11. Naito M, Hasegawa G, Ebe Y, Yamamoto T. Differentiation and function of Kupffer cells. Med Electron Microsc. 2004;37:16–28. [PubMed]
12. Tanaka M, Ishibashi H, Hirata Y, Miki K, Kudo J, Niho Y. Tumor necrosis factor production by rat Kupffer cells-regulation by lipopolysaccharide, macrophage activating factor and prostaglandin E2. J Clin Lab Immunol. 1996;48:17–31. [PubMed]
13. Wheeler MD. Endotoxin and Kupffer cell activation in alcoholic liver disease. Alcohol Res Health. 2003;27:300–306. [PubMed]
14. Brunt EM. Nonalcoholic steatohepatitis: definition and pathology. Semin Liver Dis. 2001;21:3–16. [PubMed]
15. Adams DH, Hubscher SG. Systemic viral infections and collateral damage in the liver. Am J Pathol. 2006;168:1057–1059. [PMC free article] [PubMed]
16. Burgio VL, Ballardini G, Artini M, Caratozzolo M, Bianchi FB, Levrero M. Expression of co-stimulatory molecules by Kupffer cells in chronic hepatitis of hepatitis C virus etiology. Hepatology. 1998;27:1600–1606. [PubMed]
17. Royer C, Steffan AM, Navas MC, Fuchs A, Jaeck D, Stoll-Keller F. A study of susceptibility of primary human Kupffer cells to hepatitis C virus. J Hepatol. 2003;38:250–256. [PubMed]
18. Ray RB, Ray R. Hepatitis C virus core protein: intriguing properties and functional relevance. FEMS Microbiol Lett. 2001;202:149–156. [PubMed]
19. Holtmann MH, Neurath MF. Differential TNF-signaling in chronic inflammatory disorders. Curr Mol Med. 2004;4:439–444. [PubMed]
20. Liu H, Sidiropoulos P, Song G, Pagliari LJ, Birrer MJ, Stein B, Anrather J, Pope RM. TNF-alpha gene expression in macrophages: regulation by NF-kappa B is independent of c-Jun or C/EBP beta. J Immunol. 2000;164:4277–4285. [PubMed]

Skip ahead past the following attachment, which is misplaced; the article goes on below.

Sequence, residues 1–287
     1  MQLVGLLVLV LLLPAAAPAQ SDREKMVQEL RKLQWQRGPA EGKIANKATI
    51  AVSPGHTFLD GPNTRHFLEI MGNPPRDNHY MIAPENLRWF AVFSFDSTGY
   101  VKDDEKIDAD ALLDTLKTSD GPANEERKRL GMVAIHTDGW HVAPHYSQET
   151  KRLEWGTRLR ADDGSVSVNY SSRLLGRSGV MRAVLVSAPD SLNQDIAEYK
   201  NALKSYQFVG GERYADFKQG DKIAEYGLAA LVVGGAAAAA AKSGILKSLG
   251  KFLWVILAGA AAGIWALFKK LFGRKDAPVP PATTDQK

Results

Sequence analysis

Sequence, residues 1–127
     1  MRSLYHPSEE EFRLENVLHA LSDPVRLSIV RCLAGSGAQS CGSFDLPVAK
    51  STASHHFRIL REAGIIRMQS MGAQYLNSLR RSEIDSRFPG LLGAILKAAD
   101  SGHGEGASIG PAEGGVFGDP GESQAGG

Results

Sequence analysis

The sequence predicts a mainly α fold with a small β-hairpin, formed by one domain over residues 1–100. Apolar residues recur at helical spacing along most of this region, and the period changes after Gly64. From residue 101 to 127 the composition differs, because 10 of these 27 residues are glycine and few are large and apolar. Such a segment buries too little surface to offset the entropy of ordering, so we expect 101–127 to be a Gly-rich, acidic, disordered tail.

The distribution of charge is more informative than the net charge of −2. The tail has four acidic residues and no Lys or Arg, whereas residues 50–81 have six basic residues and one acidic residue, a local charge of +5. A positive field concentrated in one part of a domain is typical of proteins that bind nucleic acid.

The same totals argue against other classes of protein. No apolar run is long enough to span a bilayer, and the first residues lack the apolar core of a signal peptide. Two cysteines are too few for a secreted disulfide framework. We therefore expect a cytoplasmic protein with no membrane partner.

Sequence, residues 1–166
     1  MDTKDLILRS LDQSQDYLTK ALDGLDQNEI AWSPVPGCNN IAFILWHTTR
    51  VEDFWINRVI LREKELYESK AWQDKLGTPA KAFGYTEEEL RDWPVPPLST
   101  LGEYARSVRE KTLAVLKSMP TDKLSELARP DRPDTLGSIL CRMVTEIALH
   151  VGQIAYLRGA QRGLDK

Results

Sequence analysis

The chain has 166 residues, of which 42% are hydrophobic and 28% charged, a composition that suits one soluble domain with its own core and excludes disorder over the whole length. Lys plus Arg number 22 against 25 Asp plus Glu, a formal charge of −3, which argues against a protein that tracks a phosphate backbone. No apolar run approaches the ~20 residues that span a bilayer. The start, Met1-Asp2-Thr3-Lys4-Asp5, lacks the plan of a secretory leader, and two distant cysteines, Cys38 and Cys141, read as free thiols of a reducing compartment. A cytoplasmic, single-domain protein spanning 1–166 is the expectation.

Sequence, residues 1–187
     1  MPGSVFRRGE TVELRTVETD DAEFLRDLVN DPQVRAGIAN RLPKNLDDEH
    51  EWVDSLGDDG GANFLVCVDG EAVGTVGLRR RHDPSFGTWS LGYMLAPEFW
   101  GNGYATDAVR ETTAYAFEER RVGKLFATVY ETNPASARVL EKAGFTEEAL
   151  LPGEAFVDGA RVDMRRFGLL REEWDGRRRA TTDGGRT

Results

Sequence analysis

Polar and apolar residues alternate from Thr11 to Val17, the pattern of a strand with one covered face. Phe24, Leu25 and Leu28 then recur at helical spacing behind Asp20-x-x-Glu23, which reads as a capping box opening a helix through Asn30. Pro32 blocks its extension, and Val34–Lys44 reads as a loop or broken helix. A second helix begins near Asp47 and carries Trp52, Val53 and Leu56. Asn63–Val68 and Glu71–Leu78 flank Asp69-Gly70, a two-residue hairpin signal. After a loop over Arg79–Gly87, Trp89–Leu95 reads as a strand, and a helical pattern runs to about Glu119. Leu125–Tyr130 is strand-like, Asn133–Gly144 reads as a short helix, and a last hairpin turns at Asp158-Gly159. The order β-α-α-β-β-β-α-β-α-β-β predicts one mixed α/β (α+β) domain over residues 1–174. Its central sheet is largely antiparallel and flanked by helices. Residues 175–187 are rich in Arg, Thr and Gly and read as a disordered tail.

21. Hiraoka A, Horiike N, Akbar SM, Michitaka K, Matsuyama T, Onji M. Expression of CD163 in the liver of patients with viral hepatitis. Pathol Res Pract. 2005;201:379–384. [PubMed]
22. Rehermann B. Cellular immune response to the hepatitis C virus. J Viral Hepat. 1999;6:31–35. [PubMed]
23. Tilg H. Cytokines and liver diseases. Can J Gastroenterol. 2001;15:661–668. [PubMed]
24. Ramos-Casals M, Garcia-Carrasco M, Cervera R, Filella X, Trejo O, de la Red G, Gil V, Sanchez-Tapias JM, Font J, Ingelmo M. Th1/Th2 cytokine imbalance in patients with Sjogren syndrome secondary to hepatitis C virus infection. Semin Arthritis Rheum. 2002;32:56–63. [PubMed]
25. Nelson DR, Lim HL, Marousis CG, Fang JW, Davis GL, Shen L, Urdea MS, Kolberg JA, Lau JY. Activation of tumor necrosis factor-alpha system in chronic hepatitis C virus infection. Dig Dis Sci. 1997;42:2487–2494. [PubMed]
26. Caradonna L, Mastronardi ML, Magrone T, Cozzolongo R, Cuppone R, Manghisi OG, Caccavo D, Pellegrino NM, Amoroso A, Jirillo E, Amati L. Biological and clinical significance of endotoxemia in the course of hepatitis C virus infection. Curr Pharm Des. 2002;8:995–1005. [PubMed]
27. Cribier B, Schmitt C, Rey D, Lang JM, Kirn A, Stoll-Keller F. Production of cytokines in patients infected by hepatitis C virus. J Med Virol. 1998;55:89–91. [PubMed]
28. Bundschuh DS, Barsig J, Hartung T, Randow F, Docke WD, Volk HD, Wendel A. Granulocyte-macrophage colony-stimulating factor and IFNgamma restore the systemic TNFalpha response to endotoxin in lipopolysaccharide-desensitized mice. J Immunol. 1997;158:2862–2871. [PubMed]
29. Schroder K, Hertzog PJ, Ravasi T, Hume DA. Interferon-gamma: an overview of signals, mechanisms and functions. J Leukoc Biol. 2004;75:163–189. [PubMed]
30. Medvedev AE, Sabroe I, Hasday JD, Vogel SN. Tolerance to microbial TLR ligands: molecular mechanisms and relevance to disease. J Endotoxin Res. 2006;12:133–150. [PubMed]
PubReader format: click here to try


Related citations in PubMed

See reviews...See all...

Cited by other articles in PMC

See all...


Recent Activity

Your browsing activity is empty.

Activity recording is turned off.

Turn recording back on

See more...